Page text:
2012 has been a significant year for me as I’m of the firm belief that it’s the first time I really started reading fiction. (I also got married). I’ve read hundreds of novels, but only once I began writing reviews for my blog did I realise what they can really do. As a result, many of the books I’ve read this year have a lasting personal significance beyond their purely literary achievements. The books that follow are as much a reflection of my new engagement with contemporary fiction as they are an attempt to pick some personal highlights of what has been, by all accounts, a very good year. A quick note on criteria: with one obvious exception all my choices were – to the best of my knowledge – published for the first time in 2012. Reprints, translations, new editions, and so on, were excluded.
Some further criteria: The late Peter Goldie turned more than once in his writings on the philosophy of art to a quotation from his favourite author Joseph Conrad. He felt that it captured the essence and value of the project of creating and consuming art. The artist, Conrad wrote, ‘speaks to our capacity for delight and wonder, to the sense of mystery surrounding our lives; to our sense of pity, and beauty, and pain: to the latent feeling of fellowship with all creation—and to the subtle but invincible conviction of solidarity that knits together the loneliness of innumerable hearts; to the solidarity in dreams, in joy, in sorrow, in aspiration, in illusions, in hope, in fear, which binds men to each other, which binds together all humanity—the dead to the living and the living to the unborn.’ More than anything, the books which will stay with me from this year have looked to speak in this way.
Jane Rusbridge’s wonderful Rook (Bloomsbury Circus) successfully seeks to occupy the slippery but persistent ground between the land and the sea, the past and the present, bereavement and consolation, in language that flows with the rhythms of the tides that inundate the Sussex village of Bosham and the insistence of the young rook rescued and nurtured by Nora, a former concert cellist forced to return to the home of her widowed mother by the crisis which haunts the novel. The interpenetration of the language of the mind and landscape in moments which shift toward the visionary before returning, quite literally, to earth, emphasises Rusbridge’s concerns, not only with the role of place in forming our mental economy, but also with the idea that the only way that we can reach out and touch the past is by staying where we are and living in the same buried spaces.
A concern with the complexities of surface and depth underpins Booker shortlisted Swimming Home by Deborah Levy (And Other Stories/Faber). Gathered around a pool in the South of France are two quite different couples, childless shop-owners Laura and Mitchell, and war correspondent Isabel and poet Joe who are accompanied by their teenage daughter Nina. The pool’s surface is disturbed by the arrival of Kitty, a painfully thin young woman obsessed by Joe’s poetry. Her uneasy transition between surface and depth is mirrored and undermined by Levy’s refusal to allow clear distinctions between private thought and public behaviour. Levy clouds motivations and relationships as the transparent pool water becomes cloudy through mismanagement and inattention. With a Cubist fondness for allusion, her faceted prose creates a fluid space of shifting desires, dreams, and repressed violence.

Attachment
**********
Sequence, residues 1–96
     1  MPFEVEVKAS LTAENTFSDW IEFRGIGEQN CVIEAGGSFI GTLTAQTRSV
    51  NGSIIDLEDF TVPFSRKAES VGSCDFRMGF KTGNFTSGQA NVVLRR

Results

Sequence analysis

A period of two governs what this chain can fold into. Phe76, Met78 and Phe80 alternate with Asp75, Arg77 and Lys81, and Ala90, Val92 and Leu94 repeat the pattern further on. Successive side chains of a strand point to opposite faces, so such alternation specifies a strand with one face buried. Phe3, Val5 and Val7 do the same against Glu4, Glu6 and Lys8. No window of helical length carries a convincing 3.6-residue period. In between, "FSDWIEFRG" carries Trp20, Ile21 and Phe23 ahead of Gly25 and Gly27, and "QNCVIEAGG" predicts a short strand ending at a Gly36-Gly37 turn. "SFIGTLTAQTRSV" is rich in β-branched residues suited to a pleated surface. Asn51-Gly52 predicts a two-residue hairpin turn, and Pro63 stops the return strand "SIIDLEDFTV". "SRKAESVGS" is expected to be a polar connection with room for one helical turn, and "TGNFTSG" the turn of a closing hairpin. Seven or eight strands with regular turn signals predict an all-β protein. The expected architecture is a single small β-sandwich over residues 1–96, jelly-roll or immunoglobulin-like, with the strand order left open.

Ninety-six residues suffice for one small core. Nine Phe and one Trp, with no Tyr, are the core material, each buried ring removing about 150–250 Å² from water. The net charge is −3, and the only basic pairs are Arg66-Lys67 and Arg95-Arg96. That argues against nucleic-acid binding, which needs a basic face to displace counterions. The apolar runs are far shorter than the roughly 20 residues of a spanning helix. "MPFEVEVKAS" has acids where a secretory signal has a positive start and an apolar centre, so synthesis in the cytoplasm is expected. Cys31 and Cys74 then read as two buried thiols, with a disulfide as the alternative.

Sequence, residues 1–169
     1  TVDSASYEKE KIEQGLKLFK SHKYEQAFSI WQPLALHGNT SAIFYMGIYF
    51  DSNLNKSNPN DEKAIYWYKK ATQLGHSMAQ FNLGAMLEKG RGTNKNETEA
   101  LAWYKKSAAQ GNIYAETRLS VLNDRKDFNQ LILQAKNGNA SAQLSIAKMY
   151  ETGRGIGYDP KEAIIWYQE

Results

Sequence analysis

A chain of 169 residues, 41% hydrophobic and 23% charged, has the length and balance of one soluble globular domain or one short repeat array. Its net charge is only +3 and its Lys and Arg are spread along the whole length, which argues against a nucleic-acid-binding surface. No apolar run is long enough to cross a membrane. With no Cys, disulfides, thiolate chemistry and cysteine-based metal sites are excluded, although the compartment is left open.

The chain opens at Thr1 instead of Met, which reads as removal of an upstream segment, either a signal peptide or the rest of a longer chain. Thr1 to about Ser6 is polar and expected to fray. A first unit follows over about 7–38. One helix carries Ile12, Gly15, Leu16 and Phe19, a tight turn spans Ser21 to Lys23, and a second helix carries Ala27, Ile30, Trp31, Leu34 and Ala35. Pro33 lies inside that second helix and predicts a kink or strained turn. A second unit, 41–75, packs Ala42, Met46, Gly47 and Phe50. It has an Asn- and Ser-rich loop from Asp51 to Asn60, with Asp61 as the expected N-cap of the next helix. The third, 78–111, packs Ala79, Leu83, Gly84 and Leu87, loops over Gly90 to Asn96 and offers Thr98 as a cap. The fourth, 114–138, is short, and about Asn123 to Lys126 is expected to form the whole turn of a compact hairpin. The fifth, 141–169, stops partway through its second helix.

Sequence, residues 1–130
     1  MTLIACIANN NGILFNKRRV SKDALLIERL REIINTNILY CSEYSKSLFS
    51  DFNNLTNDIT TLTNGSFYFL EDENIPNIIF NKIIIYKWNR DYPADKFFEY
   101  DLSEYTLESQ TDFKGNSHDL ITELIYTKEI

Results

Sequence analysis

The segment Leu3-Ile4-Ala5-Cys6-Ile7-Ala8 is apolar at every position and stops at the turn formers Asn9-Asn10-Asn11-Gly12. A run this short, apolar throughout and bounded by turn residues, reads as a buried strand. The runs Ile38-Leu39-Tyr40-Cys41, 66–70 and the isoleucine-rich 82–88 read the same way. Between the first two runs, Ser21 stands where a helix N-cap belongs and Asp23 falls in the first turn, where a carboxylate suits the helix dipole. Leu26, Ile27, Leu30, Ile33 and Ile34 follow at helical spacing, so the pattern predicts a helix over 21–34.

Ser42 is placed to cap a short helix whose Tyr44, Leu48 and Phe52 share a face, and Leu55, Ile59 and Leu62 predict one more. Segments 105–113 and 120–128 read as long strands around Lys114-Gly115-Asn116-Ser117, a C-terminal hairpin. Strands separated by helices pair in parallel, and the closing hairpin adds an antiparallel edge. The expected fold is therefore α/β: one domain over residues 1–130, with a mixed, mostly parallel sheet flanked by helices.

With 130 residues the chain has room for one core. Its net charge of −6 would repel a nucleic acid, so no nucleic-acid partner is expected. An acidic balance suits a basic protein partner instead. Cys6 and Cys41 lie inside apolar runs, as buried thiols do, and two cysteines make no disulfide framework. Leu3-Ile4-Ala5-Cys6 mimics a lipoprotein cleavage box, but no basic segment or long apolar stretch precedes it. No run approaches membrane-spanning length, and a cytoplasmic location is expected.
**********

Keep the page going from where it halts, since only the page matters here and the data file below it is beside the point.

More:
From fractured minds to broken narratives of urban lives, the much tweeted and quite stunning Hawthorn and Child by Keith Ridgway (Granta) sticks a policeman’s boot into the novel and emerges bloody and triumphant between the splints of its covers. A set of eight stories set in North London and loosely held together by the detectives of its title, this book challenges any and all coherence you felt your identity and experience might have. It’s a novel of violence and sickness of language; of fear, memory, suspicion, lust, and confusion. And it’s marvellous. ‘I am cracked like ice. I know this. But listen. Listen to me. This is important. Beneath the fault there is solid ground. Beneath the ice. Under all the cracks. Under all the cracks there is something that is not broken.’ But is there?
The mind’s resilience beneath the weight of solitude and the meaning of human endeavour are at the heart of James Smythe’s unforgiving novel The Explorer (Harper Voyager) in which journalist Cormac Easton finds himself the lone survivor on a mission to deep space. Then it gets weird. Smythe’s writing is controlled to within an inch of its life and Cormac’s direct first-person voice, which begins as a journalist’s selfish mythologisation of endurance, becomes as tender as a bruise as its pretention is stripped away by shock after psychological shock. What is it to explore with no hope of remembrance? How does one understand oneself when stripped of the gaze of others? The bizarre reflexivity Cormac achieves is testament to Smythe’s narrative and poetic imagination and ambition in his consideration of exploration, time, and identity.
Finally, Object Lessons: The Paris Review Presents the Art of the Short Story (William Heinemann) contains a superb collection of stories. Each has been selected and introduced by another excellent writer, some of whom appear as both a selector and a selectee. Thus Jeffrey Eugenides introduces Denis Johnson’s remarkable ‘Car Crash While Hitchhiking’ which, he argues, ‘delivers a narrative where the personal brushes up against the eternal, all from a single incident, or accident, on a rainy night.’ Lydia Davis selects and dissects Jane Bowles’ ‘Emmy Moore’s Journal’, revealing its hidden and confused despair, whilst her own ‘Ten Stories from Flaubert’ appears as Ali Smith’s choice. I must confess that I haven’t finished this book yet: I refuse to rush it. Each story must be read and then returned to once the introduction has been taken in. As a guide and inspiration for the budding short story writer Object Lessons cannot fail.
Rook was published in August 2012 by Bloomsbury Circus, an imprint of Bloomsbury UK. Swimming Home was published in October 2011 by And Other Stories/Faber. Hawthorn & Child was published in July 2012 by Granta Books. The Explorer will be published in January 2013 by Harper Voyager, an imprint of Harper Collins. Object Lessons: The Paris Review Presents The Art of the Short Story was published in October 2012 by William Heinemann, an imprint of the Random House Group.